Workout 1: Leg Emphasis (10 sets total)
A-1. Front Squat, 3 x 4-6, 40X0, rest only 10 seconds then decrease the weight by 10-15 percent
A-2. Heels-Elevated Back Squat, 3 x 6-8 reps per leg, 30X0, rest 3 minutes
B-1. Lying Leg Curl, Feet Neutral, 2 x 6-8, 40x0, rest only 10 seconds then decrease the weight
B-2. Romanian Deadlift, 2 x 10-12 reps, 4020, rest 3 minutes
Workout 2: Leg Emphasis (10 sets total)
A-1. Dumbbell Lunge, 3 x 8-10 reps per leg, 20X0, rest 10 seconds
A-2. Back Squat, 3 x 6-8, 40X0, rest 3 minutes
B-1. Step-Up, 2 x 8-10 reps each leg, 20X0, rest 10 seconds
B-2. Snatch-Grip Deadlift, 2 x 6-8, 40X0, rest 3 minutes
Workout 3: Arm Emphasis (12 sets total)
A-1. Close-Grip 60° Cable Preacher Curl, 3 x 8-12, 3010, rest 10 seconds
A-2. Palms-Up Close-Grip Pulldown, 3 x 8-12, 3010, rest 2 minutes
B-1. V-Bar Triceps Pressdown, 3 x 8-12, 3010, rest 10 seconds
B-2. Close-Grip EZ Bar Press, 3 x 8-12, 3010, rest 2 minutes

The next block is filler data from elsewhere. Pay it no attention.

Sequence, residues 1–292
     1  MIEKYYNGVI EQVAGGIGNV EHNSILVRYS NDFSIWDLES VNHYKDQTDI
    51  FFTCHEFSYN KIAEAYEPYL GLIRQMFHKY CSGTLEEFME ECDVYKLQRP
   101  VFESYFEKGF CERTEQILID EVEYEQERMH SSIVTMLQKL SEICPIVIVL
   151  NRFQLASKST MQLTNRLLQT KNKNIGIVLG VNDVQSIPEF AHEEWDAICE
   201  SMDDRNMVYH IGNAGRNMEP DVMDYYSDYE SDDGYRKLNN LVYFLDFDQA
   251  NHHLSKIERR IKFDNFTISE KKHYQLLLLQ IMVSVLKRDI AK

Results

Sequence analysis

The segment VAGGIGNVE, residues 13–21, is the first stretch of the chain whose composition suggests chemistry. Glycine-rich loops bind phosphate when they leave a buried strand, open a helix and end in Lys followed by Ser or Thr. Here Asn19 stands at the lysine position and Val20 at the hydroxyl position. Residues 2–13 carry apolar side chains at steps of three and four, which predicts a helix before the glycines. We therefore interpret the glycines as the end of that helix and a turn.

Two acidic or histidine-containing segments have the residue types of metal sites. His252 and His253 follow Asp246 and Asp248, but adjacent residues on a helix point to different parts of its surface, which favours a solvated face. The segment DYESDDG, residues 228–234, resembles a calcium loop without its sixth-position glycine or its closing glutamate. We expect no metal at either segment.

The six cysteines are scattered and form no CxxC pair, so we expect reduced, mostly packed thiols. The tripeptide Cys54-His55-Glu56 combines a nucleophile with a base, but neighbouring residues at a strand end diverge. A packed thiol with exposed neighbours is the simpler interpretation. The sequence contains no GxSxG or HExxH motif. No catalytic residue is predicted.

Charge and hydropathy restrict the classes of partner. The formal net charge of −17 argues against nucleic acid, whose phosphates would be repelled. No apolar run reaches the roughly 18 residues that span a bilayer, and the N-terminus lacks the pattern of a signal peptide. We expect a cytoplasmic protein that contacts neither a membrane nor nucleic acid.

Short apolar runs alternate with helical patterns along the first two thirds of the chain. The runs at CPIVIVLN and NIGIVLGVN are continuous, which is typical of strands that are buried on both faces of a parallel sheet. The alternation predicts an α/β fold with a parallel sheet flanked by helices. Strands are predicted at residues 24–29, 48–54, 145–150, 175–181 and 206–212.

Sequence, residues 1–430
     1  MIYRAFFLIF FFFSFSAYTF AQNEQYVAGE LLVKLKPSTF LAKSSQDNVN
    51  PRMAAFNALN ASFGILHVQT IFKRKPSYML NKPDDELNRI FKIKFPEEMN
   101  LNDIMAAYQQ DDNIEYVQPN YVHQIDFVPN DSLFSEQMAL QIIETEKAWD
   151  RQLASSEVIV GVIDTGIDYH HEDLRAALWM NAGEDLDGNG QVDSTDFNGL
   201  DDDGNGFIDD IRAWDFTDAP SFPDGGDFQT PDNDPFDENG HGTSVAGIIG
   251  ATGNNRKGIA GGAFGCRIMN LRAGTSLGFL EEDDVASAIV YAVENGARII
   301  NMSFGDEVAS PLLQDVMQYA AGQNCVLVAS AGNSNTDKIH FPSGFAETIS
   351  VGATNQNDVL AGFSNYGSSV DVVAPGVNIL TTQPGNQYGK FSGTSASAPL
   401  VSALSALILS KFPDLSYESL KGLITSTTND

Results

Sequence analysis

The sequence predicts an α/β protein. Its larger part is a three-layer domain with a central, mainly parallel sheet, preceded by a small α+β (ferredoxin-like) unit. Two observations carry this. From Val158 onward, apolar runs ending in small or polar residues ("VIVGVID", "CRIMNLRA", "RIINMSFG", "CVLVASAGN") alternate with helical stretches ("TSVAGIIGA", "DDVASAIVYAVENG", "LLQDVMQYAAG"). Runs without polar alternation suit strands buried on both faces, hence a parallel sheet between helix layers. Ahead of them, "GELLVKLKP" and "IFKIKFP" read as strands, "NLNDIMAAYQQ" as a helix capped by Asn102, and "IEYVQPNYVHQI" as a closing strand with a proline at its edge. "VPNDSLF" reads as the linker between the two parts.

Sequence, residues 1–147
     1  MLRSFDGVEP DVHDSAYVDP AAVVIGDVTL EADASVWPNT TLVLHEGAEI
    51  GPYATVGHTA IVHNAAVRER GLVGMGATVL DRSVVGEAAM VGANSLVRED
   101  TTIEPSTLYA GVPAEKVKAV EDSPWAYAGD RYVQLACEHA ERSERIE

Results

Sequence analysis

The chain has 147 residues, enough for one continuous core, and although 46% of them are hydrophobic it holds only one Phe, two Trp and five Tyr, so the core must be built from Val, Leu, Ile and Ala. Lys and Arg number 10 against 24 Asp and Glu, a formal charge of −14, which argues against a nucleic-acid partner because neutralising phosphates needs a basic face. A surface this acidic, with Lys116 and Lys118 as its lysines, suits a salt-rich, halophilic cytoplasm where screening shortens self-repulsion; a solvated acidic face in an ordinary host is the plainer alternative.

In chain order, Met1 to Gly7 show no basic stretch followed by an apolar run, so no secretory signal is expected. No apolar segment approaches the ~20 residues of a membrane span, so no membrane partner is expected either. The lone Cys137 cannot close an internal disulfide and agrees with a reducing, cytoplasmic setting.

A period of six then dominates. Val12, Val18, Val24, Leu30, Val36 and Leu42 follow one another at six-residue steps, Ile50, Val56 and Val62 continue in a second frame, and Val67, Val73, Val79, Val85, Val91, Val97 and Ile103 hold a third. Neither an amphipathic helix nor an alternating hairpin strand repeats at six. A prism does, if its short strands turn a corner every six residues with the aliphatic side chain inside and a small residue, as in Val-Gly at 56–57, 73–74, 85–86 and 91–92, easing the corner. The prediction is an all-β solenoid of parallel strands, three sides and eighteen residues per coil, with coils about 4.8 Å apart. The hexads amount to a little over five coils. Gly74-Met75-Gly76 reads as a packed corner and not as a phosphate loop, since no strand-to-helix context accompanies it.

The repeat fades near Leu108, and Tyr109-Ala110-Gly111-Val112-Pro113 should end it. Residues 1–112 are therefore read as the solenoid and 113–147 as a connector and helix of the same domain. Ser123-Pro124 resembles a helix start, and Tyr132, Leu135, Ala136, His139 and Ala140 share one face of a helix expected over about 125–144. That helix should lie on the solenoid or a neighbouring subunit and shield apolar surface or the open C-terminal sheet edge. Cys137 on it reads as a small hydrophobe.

Workout 4: Arm Emphasis (12 sets total)
A-1. Hammer Curl, 3 x 8-12, rest 10 seconds
A-2. Parallel-Grip Pulldown, 3 x 8-12, 3010, rest 2 minutes
B-1. Low-Pulley French Press, 3 x 8-12, 3010, rest 10 seconds
B-2. Seated Dumbbell Press, 3 x 8-12, 3010, rest 2 minutes
Don’t get hung up on the exact exercises – if the gym where you are training doesn’t have a squat rack, do leg presses instead. And if your knees are trashed with tendinitis, give them a break and just focus on upper body protocols (with perhaps a few Petersen step-ups thrown in sometime during the day). The idea is to keep training so you will not regress in your training. Plus, after a few weeks of these types of short-circuit workouts, when you go back to more conventional training, the workouts will seem a lot easier.
I’ve always promoted workouts that are hard, heavy and fast – if a workout takes more than an hour, you’re making friends, not working out. You won’t have time to make friends when you do these workouts — try them and see what I mean.
Sergio Oliva was consider Arnold’s biggest challenger. Here is a interesting collection of photos of these two legendary bodybuilders comparing their two physiques side-by-side.